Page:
What Makes an Effective Safety and Health Program?

With all the examples of how a comprehensive safety and health program can add value back to a business, just what are the keys to an effective program? A robust safety and health program requires a top-down/bottom-up commitment within a business in order to be successful. Leadership needs to embrace safety as a core competency of the business and foster awareness and commitment through words and actions throughout all levels of the organization. Posters and clever safety slogans lose their impact quickly if frontline workers don’t feel the importance of safety is reinforced consistently during their interactions with leadership.

As OSHA states, “the best safety and health programs involve every level of the organization, instilling a safety culture that reduces accidents for workers and improves the bottom line for managers. When safety and health are part of the organization and a way of life, everyone wins.”

In addition to a total organizational commitment to nurturing a culture of safety, OSHA views worksite analysis, hazard prevention and control, and training for employees, supervisors and managers as the fundamental building blocks for a successful safety and health program.


Ever since President Nixon signed the Occupational Safety and Health Act into law back in 1970, complying with the government’s safety standards has been viewed in some circles as a bit like taking that preventative medicine with the bad aftertaste. You take the medicine because you know it’s supposed to keep you from getting sick, not realizing the additional upsides to the medicine such as longer life expectancy and a higher quality of life as you age. For those who view their investment in safety as strictly a way to keep OSHA happy, they’re missing out on all the additional upsides that a comprehensive commitment to safety brings: lower injury and illness rates, lower workers’ compensation premiums, and higher levels of employee productivity and engagement. It’s “safe” to say that an investment in safety really does save dollars and makes financial sense.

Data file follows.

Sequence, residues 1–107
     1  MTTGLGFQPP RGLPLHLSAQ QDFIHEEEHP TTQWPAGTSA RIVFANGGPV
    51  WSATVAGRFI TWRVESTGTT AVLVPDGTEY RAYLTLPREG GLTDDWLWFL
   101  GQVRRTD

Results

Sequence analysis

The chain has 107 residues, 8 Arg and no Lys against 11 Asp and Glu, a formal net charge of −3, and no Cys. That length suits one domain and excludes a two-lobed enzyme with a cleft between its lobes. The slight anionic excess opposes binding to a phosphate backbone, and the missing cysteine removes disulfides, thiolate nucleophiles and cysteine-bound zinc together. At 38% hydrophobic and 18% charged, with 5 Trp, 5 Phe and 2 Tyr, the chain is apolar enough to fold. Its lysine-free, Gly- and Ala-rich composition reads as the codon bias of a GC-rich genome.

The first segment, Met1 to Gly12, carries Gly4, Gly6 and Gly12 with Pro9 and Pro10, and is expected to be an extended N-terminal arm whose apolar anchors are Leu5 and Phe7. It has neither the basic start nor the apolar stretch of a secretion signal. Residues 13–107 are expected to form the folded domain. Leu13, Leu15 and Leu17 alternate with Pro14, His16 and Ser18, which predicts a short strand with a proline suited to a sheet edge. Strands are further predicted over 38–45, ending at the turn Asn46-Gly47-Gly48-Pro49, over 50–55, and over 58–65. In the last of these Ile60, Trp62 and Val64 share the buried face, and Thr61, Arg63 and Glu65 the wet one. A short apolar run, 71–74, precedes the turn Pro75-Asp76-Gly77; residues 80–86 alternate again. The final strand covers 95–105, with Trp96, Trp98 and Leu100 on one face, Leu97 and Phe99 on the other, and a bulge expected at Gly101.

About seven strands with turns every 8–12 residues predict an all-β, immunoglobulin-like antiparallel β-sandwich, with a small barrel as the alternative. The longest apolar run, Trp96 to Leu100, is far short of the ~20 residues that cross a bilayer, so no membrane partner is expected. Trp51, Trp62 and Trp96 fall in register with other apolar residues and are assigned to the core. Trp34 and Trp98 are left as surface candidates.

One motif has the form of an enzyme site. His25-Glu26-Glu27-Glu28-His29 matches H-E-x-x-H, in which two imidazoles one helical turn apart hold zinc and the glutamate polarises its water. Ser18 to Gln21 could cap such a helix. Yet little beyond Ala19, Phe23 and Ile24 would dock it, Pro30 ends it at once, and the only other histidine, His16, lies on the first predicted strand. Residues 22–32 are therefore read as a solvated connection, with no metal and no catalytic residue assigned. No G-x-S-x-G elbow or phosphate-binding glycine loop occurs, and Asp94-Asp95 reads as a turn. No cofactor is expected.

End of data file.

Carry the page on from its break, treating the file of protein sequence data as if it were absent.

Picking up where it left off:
About the Authors

Sally Smart has over 25 years of applied environmental, health and safety experience. Prior to joining Grainger in 1997, she was the Director of Quality Regulations and Safety for a major chemical manufacturer and gas repackager. Sally is a Board Certified Safety Professional® (CSP), Qualified Safety Sales Professional (QSSP) and OSHA-Authorized Outreach Trainer for General Industry. She is HAZWOPER 40-hour trained and OSHA 30-hour trained for both Construction and General Industry.

Mike Stearns has been with Grainger for over 29 years. Prior to his current role with Grainger, Mike managed Grainger’s Technical Product Support Safety Team for 14 years. He earned his Bachelor’s of Arts degree from the University of Wisconsin-Whitewater. Mike has completed his OSHA 30-hour General Industry certification.

Grainger has over 30 safety product technical support professionals, here to support you Monday through Friday, 7 a.m. to 7 p.m. CT. Call your local Grainger branch or drop us an email at safetysupport@grainger.com.


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The information contained in this article is intended for general information purposes only and is based on information available as of the initial date of publication. No representation is made that the information or references are complete or remain current. This article is not a substitute for review of current applicable government regulations, industry standards, or other standards specific to your business and/or activities and should not be construed as legal advice or opinion. Readers with specific questions should refer to the applicable standards or consult with an attorney.